The Hidden Curriculum of International Schools: Understanding the student experience & role of educators

This is the handout for the webinar presentation for the Teacher Session at KIS. It includes a list of resources mentioned in the presentation, the slide deck and additional resources.

Photo of a two way street with arrows pointing in each direction.
Photo by Marissa&Eric on Unsplash.

Core topics

  • Hidden curriculum
    What is the hidden curriculum? How does it show up in international schools?
  • Internalized racism
    How does the hidden curriculum impact students’ sense of self? What is internalized racism? In what way does it affect their relationship with their parent(s)’ language and culture?
  • Invisible diversity
    How does the hidden curriculum affect the way student diversity is perceived?
  • Role of educators
    How do educators contribute to the hidden curriculum? What can educators do to change the hidden curriculum?

Slide deck

The slide deck from the workshop is available in PDF format.

Main text

Growing Up in Transit: The Politics of Belonging at an International SchoolDanau Tanu, 2018. 

Resources in order of appearance

‘Third Culture Kids: The Return Home’.Tim Brantingham in Sandwich Parenting.

Misunderstood: The Impact of Growing Up Overseas in the 21st Century. Tanya Crossman, 2016. (See also

Third Culture Kids: Growing Up Among Worlds, 3rd Edition. David Pollock, Ruth E. Van Reken and Michael Pollock, 2017.

Safe Passage: How mobility affects people & what international schools should do about it. Doug Ota, 2014.

Children At Promise: 9 principles to help kids thrive in an at risk world. Tim Stuart, 2003.

Isabelle MinTransition Catalyst Korea (TCK) Institute

Jessica Wei Huang –

The Strength of Weak Ties

Original study: The concept of weak ties was originally developed to study what type of networking is useful for job search

For well being: Investing a little time to develop weak ties with students may help them feel more ‘seen’ and help the campus feel more inclusive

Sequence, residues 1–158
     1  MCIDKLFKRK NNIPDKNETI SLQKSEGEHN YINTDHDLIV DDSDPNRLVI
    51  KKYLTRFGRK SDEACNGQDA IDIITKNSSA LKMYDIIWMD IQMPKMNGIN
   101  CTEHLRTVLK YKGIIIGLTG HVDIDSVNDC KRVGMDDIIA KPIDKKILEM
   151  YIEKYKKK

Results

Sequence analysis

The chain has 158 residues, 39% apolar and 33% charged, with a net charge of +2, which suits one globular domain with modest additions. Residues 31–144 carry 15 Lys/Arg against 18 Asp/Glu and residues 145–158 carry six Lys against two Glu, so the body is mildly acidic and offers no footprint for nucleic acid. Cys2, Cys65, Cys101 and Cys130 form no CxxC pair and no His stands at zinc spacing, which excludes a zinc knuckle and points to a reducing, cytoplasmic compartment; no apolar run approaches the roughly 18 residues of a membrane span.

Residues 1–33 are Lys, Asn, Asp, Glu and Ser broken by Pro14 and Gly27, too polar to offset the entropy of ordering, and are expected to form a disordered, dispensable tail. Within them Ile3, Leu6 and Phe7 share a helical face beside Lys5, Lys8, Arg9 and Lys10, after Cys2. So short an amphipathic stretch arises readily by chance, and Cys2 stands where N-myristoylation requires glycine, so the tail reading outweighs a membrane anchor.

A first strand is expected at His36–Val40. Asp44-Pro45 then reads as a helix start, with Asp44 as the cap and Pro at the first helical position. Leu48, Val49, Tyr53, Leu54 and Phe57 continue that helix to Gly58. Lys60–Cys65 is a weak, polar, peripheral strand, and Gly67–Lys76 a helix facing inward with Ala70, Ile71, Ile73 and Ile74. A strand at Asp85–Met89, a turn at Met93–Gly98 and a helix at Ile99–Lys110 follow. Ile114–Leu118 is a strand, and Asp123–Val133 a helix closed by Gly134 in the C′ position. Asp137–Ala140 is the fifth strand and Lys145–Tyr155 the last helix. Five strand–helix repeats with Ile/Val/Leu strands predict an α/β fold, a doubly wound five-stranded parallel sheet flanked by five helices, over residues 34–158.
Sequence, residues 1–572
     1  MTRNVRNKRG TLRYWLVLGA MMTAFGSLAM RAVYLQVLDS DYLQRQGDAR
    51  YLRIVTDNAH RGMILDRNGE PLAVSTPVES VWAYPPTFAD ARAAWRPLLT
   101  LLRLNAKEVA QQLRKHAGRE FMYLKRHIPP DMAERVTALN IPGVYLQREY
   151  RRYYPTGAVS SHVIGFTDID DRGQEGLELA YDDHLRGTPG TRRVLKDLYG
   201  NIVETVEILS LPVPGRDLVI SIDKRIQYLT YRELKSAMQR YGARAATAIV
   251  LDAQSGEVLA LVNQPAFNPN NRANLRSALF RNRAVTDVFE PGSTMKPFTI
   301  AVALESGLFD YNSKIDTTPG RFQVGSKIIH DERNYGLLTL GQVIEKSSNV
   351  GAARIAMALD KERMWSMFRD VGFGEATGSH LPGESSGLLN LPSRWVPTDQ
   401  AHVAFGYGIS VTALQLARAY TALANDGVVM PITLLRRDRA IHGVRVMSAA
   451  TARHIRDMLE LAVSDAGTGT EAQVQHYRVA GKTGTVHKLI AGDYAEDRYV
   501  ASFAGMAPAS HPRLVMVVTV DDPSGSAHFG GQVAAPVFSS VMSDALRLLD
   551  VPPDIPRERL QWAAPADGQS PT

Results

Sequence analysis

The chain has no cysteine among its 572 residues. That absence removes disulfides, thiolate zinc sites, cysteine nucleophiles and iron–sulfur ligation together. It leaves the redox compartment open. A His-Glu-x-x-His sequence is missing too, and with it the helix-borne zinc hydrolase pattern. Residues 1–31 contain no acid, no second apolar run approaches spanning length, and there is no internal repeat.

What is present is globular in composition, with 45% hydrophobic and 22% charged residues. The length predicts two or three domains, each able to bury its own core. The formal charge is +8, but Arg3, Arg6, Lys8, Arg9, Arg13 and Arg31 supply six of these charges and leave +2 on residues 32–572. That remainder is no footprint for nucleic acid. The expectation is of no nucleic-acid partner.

For recruitment: The concept of weak ties has been widely applied to diversifying job recruitment pools

Organisation to Decolonise International Schools

ISC Research: The international school student profile – The 2021 Report

TCKs of Asia (Third Culture Stories podcast)

Association of International Educators & Leaders of Color (AIELOC)

ODIS logo
Organisation to Decolonise International Schools (ODIS)
anti-racism in international education - AIELOC Community Visioning
AIELOC Monthly Community Visioning

See a list of other relevant resources here.

Self-reflection: Being ‘seen’ (Breakout Activity)

Illustration copyright:
  • Q1. Describe a time when you felt seen by a teacher (or any adult). Why did you feel seen?
  • Q2. Describe a time when you did not feel seen by a teacher (or any adult). Why did you not feel seen?


Work in pairs. 10 minutes total.

  • Step 1: Speaker shares story (4 min)
  • Step 2: The Listener retell the Speaker’s story using ‘Active Listening’ skills (1 min)
  • Step 3: Swap roles. Repeat steps 1 & 2

Active Listening

Be neutral. Do not judge.
Be attentive (nod, etc), patient and don’t fill the silences.

Reflect back to the speaker what they said. Use their words as much as possible. Do not interpret. Do not add your opinion.